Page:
- Whether there was a valid contract in place. As the plaintiff, you need to show that a valid contract existed between you and the second party. If it is a written contract, it should be signed by both parties.
- Evidence of breach of contract. Here, you prove that the other party breached the contract by not doing what you had agreed on or had promised to do. For example, in our home renovation example, you must show that the contractor did not make the renovations you had agreed on.
- Performance. For a successful breach of contract action, show that you held up your end of the contract terms, such as the provision of capital for the contractor to fulfill the obligation.
- Damages. You must prove that the breach of the contract led to economic damages. For example, if the home renovations were meant to facilitate a certain business, you should include the profits you would have otherwise made.
For negligence, you must prove the following 5 elements:
- Duty. The defendant should have owed a duty to the plaintiff. The duty arises in several forms. For example, drivers have a duty to all other drivers on the road by driving safely.
- Breach of duty. Here, it should be established that the defendant breached the duty with respect to the plaintiff. Here, it should be established that the defendant failed to act reasonably to fulfill his or her duty to the plaintiff.
- Cause in fact. Here, it should be established that if not for the defendant’s actions, the plaintiff would have suffered no injuries.
- Proximate cause. This is related to the proximity of the actions of the defendant to the harms that were caused. For instance, if a pedestrian is hit by a motorist they might call their mother from the hospital. The mother might then suffer a heart attack instantly. It should be established whether it is fair to attribute the heart attack to the actions of the defender.
- Damages. You must prove damages were incurred, such as medical bills, or pain and suffering caused by the injury.
Considerations before Filing Suit
The following are the considerations before suing someone:
- Whether you have a good case. The elements of a good case must be met.
- Whether you have tried settling the dispute by compromise. The other party may have a valid argument or a potential claim against you. In that case, adjust your position accordingly. The court may look unfavorably on your suit if you did not seek to resolve the dispute outside of court despite the other party’s willingness to do so.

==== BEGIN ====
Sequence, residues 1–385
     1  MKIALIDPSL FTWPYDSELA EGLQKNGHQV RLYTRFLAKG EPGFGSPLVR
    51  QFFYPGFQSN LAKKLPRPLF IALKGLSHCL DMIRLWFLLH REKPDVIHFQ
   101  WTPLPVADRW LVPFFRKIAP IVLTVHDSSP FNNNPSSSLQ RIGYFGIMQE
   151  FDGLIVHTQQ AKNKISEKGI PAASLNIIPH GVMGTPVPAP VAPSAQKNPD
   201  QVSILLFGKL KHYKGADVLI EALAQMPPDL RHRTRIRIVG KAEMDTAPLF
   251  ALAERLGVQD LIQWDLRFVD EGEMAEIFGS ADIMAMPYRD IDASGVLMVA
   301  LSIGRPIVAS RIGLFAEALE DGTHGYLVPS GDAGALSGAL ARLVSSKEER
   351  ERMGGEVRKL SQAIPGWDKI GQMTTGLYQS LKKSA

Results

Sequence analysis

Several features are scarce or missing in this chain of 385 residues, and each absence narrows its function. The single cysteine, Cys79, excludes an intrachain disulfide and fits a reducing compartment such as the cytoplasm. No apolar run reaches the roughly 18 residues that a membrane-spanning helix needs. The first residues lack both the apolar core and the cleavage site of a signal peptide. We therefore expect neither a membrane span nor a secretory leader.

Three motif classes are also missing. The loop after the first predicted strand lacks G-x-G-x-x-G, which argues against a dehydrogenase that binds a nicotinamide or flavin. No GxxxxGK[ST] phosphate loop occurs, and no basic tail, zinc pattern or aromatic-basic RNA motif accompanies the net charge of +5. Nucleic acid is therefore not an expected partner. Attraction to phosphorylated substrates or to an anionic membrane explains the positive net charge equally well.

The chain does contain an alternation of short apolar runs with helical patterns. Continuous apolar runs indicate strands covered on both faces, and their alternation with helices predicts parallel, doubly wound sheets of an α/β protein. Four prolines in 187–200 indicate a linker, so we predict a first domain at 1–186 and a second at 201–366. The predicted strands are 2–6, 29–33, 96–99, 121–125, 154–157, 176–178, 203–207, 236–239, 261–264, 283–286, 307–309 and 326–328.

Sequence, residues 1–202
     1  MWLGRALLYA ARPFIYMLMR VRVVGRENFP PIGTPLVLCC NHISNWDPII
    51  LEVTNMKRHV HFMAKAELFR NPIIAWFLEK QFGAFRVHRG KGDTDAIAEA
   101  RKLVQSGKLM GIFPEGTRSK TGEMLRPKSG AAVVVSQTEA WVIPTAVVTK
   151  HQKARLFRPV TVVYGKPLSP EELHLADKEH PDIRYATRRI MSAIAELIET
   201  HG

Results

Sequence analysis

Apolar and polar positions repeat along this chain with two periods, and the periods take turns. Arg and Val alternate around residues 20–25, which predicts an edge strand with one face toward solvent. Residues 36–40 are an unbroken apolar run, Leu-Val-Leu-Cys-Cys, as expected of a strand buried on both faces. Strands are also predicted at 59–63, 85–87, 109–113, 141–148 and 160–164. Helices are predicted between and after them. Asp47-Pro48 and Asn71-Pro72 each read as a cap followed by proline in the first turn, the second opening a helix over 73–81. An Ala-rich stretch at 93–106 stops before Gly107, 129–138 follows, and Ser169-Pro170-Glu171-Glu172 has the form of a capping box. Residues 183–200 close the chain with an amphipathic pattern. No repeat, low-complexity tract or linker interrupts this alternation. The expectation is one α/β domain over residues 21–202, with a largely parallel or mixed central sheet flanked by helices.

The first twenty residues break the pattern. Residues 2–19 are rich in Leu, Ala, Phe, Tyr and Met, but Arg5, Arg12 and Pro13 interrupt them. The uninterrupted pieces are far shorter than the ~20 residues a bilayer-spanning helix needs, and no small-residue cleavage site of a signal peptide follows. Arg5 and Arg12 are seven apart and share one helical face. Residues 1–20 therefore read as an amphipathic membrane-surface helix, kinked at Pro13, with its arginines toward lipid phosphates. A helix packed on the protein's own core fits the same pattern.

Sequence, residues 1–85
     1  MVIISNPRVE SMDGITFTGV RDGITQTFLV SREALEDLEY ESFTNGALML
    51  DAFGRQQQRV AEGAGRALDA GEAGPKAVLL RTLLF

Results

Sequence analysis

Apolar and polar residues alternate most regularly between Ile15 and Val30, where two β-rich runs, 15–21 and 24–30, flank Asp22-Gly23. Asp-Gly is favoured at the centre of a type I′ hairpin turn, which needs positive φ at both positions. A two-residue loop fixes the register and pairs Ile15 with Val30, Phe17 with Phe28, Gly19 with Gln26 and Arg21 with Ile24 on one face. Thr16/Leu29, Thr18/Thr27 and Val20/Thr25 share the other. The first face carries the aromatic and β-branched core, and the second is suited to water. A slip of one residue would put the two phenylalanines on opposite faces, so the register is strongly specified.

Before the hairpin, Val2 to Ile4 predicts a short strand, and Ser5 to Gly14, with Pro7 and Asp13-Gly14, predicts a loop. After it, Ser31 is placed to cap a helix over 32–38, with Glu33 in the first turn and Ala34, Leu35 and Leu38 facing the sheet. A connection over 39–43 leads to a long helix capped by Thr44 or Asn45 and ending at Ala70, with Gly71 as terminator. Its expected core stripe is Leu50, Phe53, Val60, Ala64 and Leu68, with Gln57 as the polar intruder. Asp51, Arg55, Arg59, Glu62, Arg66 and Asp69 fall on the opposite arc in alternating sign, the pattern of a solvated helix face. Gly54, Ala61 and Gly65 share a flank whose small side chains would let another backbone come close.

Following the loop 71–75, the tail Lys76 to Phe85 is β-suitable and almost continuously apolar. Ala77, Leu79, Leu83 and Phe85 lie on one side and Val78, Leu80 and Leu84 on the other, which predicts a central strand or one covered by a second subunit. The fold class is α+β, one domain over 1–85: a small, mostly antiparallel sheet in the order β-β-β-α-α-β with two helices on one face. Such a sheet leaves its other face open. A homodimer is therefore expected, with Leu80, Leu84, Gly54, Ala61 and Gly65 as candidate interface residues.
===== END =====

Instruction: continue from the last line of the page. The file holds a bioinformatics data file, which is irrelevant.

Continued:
- Whether you have made a final demand in connection with the dispute. The defendant will want to settle the dispute and resolve it instead of sorting it out in a court of law.
- Whether you’ll win the dispute. You need to be reasonably certain that the judgment will be in your favor before spending a lot of money on the case.
- Whether you have the time and resources to devote to the lawsuit. Lawsuits drain a lot of energy and time. If you don’t have enough time for it due to work, social life, or family, it may not be worth it.
- Whether you can pay your lawyer. Lawsuits are typically expensive and you should have the money to cover the legal fees. A few lawyers will agree to only charge fees from the defendant after winning the case in your favor. You will want to check beforehand if your lawyer is willing to agree to this arrangement.
- Where you’ll be able to sue. If a person is from another jurisdiction or state, you may not have the power or jurisdiction to bring a suit against the person. Therefore, seek services in his or her location.
- Whether you’re within the applicable “statute of limitations.” Here, check with your lawyer to ensure that the time limits of the lawsuit have not run out.
- Is it a small claim and can you represent yourself? If it is a small claim, use a “conciliation” or “small claims” court. Here, you might want to represent yourself as you’ll save attorney’s fees.
Civil suit court cases are fairly common these days. For you to protect your rights and interests you should know how to sue someone. This helps you get compensated for injuries and also ensure that you protect your property. In most instances, you’ll sue someone to enforce a contract, recover damages, dissolve a marriage or a partnership, protect your property, or replace a fiduciary.
For the lawsuit to be a good case, it must meet the elements discussed in the article. Look into the considerations highlighted for you to sue. We hope this article has adequately addressed how to sue someone, reasons you might want to do so, considerations of filing a suit, and ways of determining whether you have a good case.